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The importance of conducting due diligence before a merger deal

‘Buyers need to know as much as possible and knowledge up front is key’

Photograph: Getty Images

Photograph: Getty Images


Mergers are a bit like marriages. Very few of them are made in heaven and it takes a lot of hard work in advance to give them a good chance of success. In fact, according to Aswath Damodaran, professor of finance at New York University’s Stern School of Business, about half of all mergers end up in divorce within 10 years of the deal.

Going in with both eyes wide open is critically important, according to BDO transaction services partner Rory O’Keeffe. “Both corporate and private equity buyers need to have clear growth strategy for the future and an equally clear understanding of the role of M&A within it,” he says. “Are they looking at M&A to try to expand markets, win new customers, acquire new technologies or some other reason. You need to know why you’re investing in another business and what you can expect.”

Right fit

This points to the importance of carrying out proper due diligence in advance of any deal. “Buyers need to know as much as possible and knowledge up front is key. Due diligence can take many forms – commercial, tax, IT, operational, HR. The buyer needs to ask all the questions and get all the answers to ensure the target is the right fit before signing on the bottom line. They need to know how the business operates and the key drivers behind its performance. They should look at how it has performed historically, how it was affected by Covid-19, and how the management team responded to that.”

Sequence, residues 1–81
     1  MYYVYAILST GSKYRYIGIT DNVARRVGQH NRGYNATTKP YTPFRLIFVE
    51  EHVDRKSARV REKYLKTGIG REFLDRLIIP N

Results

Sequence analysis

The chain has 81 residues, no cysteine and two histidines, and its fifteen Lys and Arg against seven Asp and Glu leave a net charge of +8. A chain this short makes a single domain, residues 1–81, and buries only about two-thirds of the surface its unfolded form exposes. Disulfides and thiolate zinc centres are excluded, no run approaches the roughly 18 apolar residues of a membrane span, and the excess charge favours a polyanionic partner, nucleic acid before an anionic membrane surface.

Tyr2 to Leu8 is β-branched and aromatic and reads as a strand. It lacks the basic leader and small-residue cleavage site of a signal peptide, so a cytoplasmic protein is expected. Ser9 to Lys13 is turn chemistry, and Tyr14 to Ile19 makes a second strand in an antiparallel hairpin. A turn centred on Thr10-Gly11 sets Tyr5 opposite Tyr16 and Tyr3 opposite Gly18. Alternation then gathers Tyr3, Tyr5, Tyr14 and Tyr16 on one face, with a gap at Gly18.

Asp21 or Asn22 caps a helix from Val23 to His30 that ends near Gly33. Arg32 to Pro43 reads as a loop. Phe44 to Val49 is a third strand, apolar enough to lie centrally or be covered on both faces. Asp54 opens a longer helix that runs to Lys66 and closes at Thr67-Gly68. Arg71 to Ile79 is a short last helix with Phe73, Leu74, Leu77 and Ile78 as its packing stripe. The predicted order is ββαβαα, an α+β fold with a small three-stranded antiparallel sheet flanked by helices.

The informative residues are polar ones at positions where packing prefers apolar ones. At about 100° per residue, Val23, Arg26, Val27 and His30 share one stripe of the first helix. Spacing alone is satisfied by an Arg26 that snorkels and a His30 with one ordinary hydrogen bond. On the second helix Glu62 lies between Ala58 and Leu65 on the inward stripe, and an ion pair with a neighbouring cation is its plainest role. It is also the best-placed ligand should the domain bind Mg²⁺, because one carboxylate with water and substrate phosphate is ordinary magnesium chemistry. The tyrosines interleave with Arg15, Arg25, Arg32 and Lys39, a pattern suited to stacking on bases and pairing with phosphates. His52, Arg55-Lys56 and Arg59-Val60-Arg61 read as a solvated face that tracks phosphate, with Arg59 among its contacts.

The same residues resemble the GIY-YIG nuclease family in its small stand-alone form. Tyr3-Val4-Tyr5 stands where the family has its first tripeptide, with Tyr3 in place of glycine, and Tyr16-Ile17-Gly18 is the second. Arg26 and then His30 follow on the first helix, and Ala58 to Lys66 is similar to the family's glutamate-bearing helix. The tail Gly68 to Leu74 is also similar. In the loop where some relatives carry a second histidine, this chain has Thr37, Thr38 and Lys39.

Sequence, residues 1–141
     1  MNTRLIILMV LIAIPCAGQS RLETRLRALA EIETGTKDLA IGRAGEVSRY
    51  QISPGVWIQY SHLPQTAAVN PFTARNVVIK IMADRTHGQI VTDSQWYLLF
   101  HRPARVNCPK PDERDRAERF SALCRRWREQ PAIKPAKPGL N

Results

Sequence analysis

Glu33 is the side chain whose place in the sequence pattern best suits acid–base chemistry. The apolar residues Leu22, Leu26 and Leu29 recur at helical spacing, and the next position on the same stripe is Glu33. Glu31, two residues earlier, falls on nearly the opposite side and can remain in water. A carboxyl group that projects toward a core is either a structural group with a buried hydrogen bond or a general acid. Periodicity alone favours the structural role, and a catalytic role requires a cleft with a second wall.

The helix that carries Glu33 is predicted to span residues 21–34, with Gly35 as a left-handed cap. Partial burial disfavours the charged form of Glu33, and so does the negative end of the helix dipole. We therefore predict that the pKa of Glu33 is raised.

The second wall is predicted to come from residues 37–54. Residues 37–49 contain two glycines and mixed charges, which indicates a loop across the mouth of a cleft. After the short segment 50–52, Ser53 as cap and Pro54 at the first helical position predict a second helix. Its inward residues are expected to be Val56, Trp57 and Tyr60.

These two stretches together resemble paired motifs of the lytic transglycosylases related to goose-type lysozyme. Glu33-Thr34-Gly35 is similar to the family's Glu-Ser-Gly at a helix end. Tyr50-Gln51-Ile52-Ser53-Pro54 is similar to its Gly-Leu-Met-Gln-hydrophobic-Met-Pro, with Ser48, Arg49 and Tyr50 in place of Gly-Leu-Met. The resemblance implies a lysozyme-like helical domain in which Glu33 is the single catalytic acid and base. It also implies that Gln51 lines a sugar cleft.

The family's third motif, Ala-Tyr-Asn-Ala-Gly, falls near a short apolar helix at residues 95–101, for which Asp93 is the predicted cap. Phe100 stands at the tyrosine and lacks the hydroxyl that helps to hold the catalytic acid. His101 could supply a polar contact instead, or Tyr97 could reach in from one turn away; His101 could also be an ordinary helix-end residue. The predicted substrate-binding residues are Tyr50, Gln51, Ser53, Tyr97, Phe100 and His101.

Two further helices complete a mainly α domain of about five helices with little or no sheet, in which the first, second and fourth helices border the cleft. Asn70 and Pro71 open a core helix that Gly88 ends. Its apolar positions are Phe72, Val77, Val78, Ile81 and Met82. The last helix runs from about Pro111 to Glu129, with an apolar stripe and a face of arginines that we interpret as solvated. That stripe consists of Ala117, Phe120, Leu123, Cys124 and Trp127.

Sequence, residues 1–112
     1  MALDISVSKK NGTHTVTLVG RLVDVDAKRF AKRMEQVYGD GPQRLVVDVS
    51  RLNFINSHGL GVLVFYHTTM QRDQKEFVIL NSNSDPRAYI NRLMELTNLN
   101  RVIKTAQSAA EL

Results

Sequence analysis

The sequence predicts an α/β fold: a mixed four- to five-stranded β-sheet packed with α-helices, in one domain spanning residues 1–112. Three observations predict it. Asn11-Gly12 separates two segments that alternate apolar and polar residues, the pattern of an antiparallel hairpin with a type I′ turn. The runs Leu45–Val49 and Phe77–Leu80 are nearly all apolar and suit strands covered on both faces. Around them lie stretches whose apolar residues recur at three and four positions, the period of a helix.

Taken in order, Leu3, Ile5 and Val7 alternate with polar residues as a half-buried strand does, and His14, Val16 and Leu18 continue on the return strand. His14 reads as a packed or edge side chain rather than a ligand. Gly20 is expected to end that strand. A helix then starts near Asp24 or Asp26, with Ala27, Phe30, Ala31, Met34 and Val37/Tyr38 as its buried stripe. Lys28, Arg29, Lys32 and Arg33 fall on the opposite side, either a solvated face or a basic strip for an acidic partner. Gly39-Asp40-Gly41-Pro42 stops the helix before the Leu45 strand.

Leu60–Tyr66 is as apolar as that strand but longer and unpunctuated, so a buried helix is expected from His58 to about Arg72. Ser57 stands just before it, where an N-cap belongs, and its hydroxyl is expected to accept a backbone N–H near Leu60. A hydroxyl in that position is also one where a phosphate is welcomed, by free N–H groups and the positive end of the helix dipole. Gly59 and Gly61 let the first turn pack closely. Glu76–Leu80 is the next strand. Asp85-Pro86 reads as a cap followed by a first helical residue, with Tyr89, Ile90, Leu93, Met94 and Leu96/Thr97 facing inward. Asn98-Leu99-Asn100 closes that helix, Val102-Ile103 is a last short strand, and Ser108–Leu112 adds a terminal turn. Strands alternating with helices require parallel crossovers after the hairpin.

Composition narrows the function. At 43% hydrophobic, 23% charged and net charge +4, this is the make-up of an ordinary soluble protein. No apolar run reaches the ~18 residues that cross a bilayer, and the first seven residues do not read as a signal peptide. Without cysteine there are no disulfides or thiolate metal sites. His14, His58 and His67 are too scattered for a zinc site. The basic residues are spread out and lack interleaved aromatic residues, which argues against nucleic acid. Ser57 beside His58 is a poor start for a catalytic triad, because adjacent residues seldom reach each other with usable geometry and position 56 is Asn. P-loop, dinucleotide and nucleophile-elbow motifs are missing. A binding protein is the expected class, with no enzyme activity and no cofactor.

Looking at it from the seller’s perspective, Alan Kelly of Focus Capital says it can often be a challenge for a founder to integrate into a larger corporation. “Going from a position of ‘calling all the shots’ to a position whereby you are now answerable to a new boss can be a culture shock. This can be de-motivating and frustrating and often results in a deal not being optimised. It’s important that a buyer is aware and sympathetic to this challenge.”

These problems can be avoided. “We believe it’s really important that key team members of both the buyer and the seller get to know each other as much as possible during the transaction process so that they all get to discuss and understand their roles and responsibilities post-transaction,” Kelly advises. “Often a hitch in the process can be a positive as both sides get to really know each other when there is an issue.”

Common goals

O’Keeffe agrees, saying that the people aspect is critical to the creation of a successful combined business. “You need to get to know who you’re going to be working with and share common goals. You have to figure out who the key people are and incentivise them to continue to work with you. And you need to look at the people who may not be required or may not wish to continue to work in the business and manage how you deal with them as well. Letting people know their roles and responsibilities post-transaction is key. There should be no ambiguity.”

That personal connection can be quite difficult to achieve in a remote-working environment, according to Kelly. “The ‘fireside chat’ has been a challenge over the past 12 months due to social distancing and the lack of physical meetings. Doing a management presentation over video conference can be effective from a fact-finding point of view but being in a room with the management team, having the small talk and reading body language can’t be matched by video calls. As much time as possible should be invested in the fireside chat as the transaction progresses.”

This shouldn’t hold up the formal due diligence process, however. “Formal commercial, legal, tax and financial diligence should be handled by the advisers on both sides, who should be well briefed to really understand the commercial drivers, synergies and potential impediments of the acquisition,” Kelly adds.